Belhaven fought hard for breakwater

Published 11:14 am Wednesday, August 18, 2010

Special to the Daily News

A nearly $3 million breakwater project to protect Belhaven’s harbor is under way.
Sam Stone with Florida-based Inland Construction and Equipment is overseeing the project to replace the town’s aged 4,000-foot-long breakwater. The breakwater will be 5 feet above sea level, or 18 inches higher than the old breakwater, which was built in the 1930s. It’s deteriorated since.
Under terms of the project contract, ICE was given 375 days to complete the project. ICE submitted the winning bid for the project last October. ICE mobilized in Belhaven in April, beginning work on the project in May.
Breakwater sections — longer and thicker than sections in the old breakwater — are built on land. After being transported by barges, they are placed in the water. Section lengths, made with marine-treated lumber, vary in length.
Stone stated that project is progressing well.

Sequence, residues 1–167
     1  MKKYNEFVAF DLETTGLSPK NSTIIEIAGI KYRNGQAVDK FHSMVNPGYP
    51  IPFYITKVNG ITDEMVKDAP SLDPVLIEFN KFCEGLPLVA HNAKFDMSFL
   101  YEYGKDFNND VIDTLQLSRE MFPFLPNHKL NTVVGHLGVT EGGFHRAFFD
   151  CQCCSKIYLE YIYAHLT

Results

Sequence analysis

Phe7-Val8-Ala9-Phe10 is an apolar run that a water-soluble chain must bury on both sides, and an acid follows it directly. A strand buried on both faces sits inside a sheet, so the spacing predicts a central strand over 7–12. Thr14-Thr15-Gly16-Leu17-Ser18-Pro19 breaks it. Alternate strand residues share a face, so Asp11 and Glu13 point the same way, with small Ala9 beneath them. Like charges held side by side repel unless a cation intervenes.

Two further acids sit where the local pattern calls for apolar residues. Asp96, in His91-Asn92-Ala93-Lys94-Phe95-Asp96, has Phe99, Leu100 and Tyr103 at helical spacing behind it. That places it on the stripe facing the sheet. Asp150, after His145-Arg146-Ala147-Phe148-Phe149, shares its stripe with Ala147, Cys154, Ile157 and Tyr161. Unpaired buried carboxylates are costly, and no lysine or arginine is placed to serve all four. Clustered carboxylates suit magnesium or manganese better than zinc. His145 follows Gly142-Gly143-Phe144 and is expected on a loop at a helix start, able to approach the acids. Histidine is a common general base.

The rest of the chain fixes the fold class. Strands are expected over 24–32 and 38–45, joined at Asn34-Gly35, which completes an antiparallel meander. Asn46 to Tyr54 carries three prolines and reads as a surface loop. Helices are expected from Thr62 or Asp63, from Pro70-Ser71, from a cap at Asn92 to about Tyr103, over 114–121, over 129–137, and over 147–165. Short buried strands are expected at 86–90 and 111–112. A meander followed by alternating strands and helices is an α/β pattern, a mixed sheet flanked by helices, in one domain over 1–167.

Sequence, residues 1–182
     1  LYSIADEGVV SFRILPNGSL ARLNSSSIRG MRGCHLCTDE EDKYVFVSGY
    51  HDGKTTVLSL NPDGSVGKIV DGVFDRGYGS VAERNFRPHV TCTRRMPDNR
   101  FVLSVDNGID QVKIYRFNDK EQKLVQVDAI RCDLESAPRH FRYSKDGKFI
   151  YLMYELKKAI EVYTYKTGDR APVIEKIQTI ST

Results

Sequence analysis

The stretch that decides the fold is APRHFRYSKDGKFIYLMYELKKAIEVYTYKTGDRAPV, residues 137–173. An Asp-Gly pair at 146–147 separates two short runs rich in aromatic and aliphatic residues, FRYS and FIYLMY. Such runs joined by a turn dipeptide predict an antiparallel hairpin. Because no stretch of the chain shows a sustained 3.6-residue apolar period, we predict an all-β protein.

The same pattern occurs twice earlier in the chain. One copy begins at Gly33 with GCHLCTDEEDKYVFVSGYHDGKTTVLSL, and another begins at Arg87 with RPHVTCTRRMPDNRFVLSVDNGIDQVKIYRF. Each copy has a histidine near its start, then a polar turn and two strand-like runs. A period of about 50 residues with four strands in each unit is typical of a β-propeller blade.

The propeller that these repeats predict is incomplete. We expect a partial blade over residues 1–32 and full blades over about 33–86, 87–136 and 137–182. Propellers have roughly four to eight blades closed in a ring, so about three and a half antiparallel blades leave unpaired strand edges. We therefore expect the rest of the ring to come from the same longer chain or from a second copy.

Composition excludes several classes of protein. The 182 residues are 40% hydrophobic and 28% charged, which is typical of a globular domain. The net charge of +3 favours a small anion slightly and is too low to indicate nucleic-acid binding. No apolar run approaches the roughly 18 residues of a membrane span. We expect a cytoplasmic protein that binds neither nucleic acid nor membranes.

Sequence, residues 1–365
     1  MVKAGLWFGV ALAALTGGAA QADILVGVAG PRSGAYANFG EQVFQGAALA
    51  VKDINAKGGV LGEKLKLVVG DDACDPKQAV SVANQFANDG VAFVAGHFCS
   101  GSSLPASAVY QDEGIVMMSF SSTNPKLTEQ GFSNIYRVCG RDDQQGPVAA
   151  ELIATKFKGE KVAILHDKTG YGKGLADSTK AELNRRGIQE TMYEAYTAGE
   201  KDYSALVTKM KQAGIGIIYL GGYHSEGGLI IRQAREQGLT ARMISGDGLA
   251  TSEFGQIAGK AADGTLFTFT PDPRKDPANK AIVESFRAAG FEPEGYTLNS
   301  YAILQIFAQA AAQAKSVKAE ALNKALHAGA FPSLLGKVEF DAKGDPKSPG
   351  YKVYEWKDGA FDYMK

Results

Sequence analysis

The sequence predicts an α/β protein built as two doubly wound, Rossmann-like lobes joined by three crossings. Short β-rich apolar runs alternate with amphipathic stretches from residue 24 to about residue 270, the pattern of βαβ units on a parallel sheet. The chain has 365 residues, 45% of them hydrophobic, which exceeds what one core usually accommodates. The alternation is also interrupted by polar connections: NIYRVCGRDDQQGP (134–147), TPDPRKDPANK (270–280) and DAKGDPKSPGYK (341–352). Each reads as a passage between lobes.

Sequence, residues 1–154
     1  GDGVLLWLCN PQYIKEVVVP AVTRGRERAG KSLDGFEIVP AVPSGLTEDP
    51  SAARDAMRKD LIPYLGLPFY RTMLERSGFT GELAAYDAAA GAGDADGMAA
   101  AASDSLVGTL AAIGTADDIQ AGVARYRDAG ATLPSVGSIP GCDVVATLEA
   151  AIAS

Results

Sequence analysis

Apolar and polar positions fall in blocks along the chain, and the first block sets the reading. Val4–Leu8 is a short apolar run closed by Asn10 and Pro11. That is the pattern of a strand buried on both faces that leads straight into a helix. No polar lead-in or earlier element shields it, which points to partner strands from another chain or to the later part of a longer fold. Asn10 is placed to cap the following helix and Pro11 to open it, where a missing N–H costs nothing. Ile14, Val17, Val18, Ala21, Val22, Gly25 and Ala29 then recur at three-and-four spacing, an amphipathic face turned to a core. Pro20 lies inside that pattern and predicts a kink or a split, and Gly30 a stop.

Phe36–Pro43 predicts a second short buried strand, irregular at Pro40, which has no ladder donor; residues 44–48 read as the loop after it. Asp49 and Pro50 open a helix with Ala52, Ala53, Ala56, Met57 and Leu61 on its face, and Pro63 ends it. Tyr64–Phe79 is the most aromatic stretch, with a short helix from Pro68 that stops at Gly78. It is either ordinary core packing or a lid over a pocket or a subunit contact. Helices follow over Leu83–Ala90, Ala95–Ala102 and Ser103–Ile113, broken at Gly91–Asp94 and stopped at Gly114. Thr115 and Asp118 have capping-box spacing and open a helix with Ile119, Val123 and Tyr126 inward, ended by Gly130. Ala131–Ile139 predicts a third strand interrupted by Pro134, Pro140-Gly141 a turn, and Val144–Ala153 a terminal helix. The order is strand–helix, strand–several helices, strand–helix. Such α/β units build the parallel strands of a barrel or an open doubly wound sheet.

“Things are scheduled to be finished on time. We are driving about 200 feet of the wall each week. We are meeting the production levels I expected,” he said.
Stone is using mostly local workers with construction backgrounds for the project.
Mayor Adam O’Neal and town officials lobbied federal officials in Washington, D.C., for project funding. They believe the fact that funding for the project was secured is a remarkable feat. The project was listed 19th on informal list of priorities set by the state government. Cities such as Wilmington and Morehead City handle more tonnage through their harbors than Belhaven, the officials said.
O’Neal explained that getting federal funding for the project depended largely on how well the town made its case in the nation’s capital.
“We cited mainly safety concerns, and I think that got their attention. Senators Burr and Dole were then very interested in the project. The assistant secretary of the Army for public works also kept bringing the project up.”
Project funding came through in the Army Corps of Engineers’ budget for fiscal year 2009. The town was not required to provide matching funds for the project. Thus, the town was saved a estimated $300,00 to $400,000.
O’Neal hopes that the breakwater will improve the overall image of the town.
“The wall we had before was the face of the town to the boating public. So, the face of the town was missing teeth. But we have fixed that now. Now when boats come through, we don’t look like a town that is disrepair.”
The original breakwater wall came through the River and Harbor Act of 1937 to prevent town flooding. The cost of that project was estimated at $53,000.